• Effective date for TILA-RESPA Integrated Disclosure (“TRID”) rule: As we’ve noted before, the CFPB proposed to delay the effective date of the TRID rule until October 3, 2015.  In response to concerns expressed by Sen. Tim Scott about requests from Congress for a grace period before industry will be expected to comply with the rule, Dir. Cordray noted that a delay to January, which had been requested by some members of Congress and some companies, would likely introduce new challenges given the “system freezes” that many companies schedule to occur at the end of each calendar year.  But he also stated that the CFPB had coordinated with other agencies to ensure an implementation grace period “which may last many months” would be afforded:

We went out and worked with the other agencies to get an agreement, which we have, that the early examination of this will be diagnostic and corrective. We don’t think people are out there, are going to be trying to exploit consumers on something like this. They’re just going to be trying to get it right. And so for the first period, which may last many months, the other agencies and ourselves as we look at this, if we see errors, we will point out what they are and how they should be corrected. We will not be looking to be punitive toward people. We have said that explicitly. I will say it again on the record here today to you that is how it will be. I can tell you that’s what we said about the mortgage rules two years ago and that is how it has been and nobody has said otherwise or complained and we’ve taken that to heart here as well.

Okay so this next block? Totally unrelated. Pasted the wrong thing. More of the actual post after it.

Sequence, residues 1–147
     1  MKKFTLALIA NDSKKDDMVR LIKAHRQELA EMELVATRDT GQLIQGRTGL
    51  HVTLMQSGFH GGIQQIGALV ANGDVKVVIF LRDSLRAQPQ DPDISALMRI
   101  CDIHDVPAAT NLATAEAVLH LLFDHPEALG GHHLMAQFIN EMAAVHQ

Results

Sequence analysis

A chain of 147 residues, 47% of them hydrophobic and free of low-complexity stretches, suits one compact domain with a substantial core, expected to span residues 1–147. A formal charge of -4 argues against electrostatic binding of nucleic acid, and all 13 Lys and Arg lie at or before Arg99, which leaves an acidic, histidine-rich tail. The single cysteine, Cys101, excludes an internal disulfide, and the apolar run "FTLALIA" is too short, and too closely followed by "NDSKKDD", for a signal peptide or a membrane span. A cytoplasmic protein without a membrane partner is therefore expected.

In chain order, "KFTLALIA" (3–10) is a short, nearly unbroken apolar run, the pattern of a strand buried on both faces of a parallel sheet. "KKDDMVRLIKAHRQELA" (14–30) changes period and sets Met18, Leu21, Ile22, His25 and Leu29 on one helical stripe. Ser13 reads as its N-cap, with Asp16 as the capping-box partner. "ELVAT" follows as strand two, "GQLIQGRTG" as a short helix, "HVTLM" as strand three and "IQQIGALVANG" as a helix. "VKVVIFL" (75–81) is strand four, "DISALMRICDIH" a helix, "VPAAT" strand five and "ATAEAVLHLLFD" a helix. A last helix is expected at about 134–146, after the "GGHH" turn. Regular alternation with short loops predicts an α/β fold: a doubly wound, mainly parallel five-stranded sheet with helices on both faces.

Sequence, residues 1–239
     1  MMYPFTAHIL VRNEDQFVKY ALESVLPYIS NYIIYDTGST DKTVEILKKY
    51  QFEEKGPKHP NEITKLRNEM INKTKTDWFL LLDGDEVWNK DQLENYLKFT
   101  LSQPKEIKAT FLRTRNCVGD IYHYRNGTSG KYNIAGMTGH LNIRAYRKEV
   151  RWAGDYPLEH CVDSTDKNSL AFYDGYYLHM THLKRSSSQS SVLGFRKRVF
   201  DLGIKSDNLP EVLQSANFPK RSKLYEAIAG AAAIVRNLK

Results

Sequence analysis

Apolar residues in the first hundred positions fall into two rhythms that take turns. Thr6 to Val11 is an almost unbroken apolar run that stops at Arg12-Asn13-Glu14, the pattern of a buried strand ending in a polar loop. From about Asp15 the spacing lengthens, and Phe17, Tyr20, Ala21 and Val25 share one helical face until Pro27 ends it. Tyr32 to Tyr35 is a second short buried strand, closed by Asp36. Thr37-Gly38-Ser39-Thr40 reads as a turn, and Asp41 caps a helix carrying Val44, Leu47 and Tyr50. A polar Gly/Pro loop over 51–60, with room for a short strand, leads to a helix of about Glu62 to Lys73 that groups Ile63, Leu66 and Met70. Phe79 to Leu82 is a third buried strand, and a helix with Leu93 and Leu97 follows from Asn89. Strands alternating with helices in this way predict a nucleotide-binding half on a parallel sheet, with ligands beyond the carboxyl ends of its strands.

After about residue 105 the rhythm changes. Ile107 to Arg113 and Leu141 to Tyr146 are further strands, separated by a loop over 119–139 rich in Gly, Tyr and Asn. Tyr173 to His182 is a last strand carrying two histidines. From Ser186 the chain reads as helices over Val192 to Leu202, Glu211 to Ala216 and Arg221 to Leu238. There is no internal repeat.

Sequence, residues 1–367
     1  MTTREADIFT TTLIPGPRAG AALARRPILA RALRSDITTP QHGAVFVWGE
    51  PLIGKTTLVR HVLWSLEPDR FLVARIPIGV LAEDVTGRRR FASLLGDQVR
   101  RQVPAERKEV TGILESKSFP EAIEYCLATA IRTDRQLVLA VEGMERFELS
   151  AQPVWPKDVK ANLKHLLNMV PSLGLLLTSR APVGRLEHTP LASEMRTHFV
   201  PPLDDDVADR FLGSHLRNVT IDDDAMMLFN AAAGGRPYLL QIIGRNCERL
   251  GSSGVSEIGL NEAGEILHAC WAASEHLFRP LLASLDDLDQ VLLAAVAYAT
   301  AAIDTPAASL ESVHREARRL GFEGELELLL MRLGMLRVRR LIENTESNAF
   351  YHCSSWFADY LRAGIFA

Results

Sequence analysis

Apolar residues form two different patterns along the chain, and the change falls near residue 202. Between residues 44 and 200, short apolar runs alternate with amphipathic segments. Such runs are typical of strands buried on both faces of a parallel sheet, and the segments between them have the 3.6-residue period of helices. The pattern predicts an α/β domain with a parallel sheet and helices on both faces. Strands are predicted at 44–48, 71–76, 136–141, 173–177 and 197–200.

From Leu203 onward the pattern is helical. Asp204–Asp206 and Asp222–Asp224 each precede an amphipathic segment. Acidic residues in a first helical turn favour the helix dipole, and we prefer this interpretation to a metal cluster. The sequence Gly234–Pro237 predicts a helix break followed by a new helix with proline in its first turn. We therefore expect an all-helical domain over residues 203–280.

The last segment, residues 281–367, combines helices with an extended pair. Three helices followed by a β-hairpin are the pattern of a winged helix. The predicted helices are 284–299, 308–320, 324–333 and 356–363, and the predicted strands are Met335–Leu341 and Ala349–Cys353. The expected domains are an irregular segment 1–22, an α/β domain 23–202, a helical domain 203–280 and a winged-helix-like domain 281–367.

• Military Lending Act rulemaking by Department of Defense (“DoD”): In response to questions from Sen. Jack Reed regarding new rules under the Military Lending Act that were proposed by the DoD last year, Dir. Cordray telegraphed that he expects the new rules to be published by the DoD “very shortly”: “I believe that very shortly we’re going to have a new set of rules and servicemembers will have new important protections that they probably should have had several years ago.”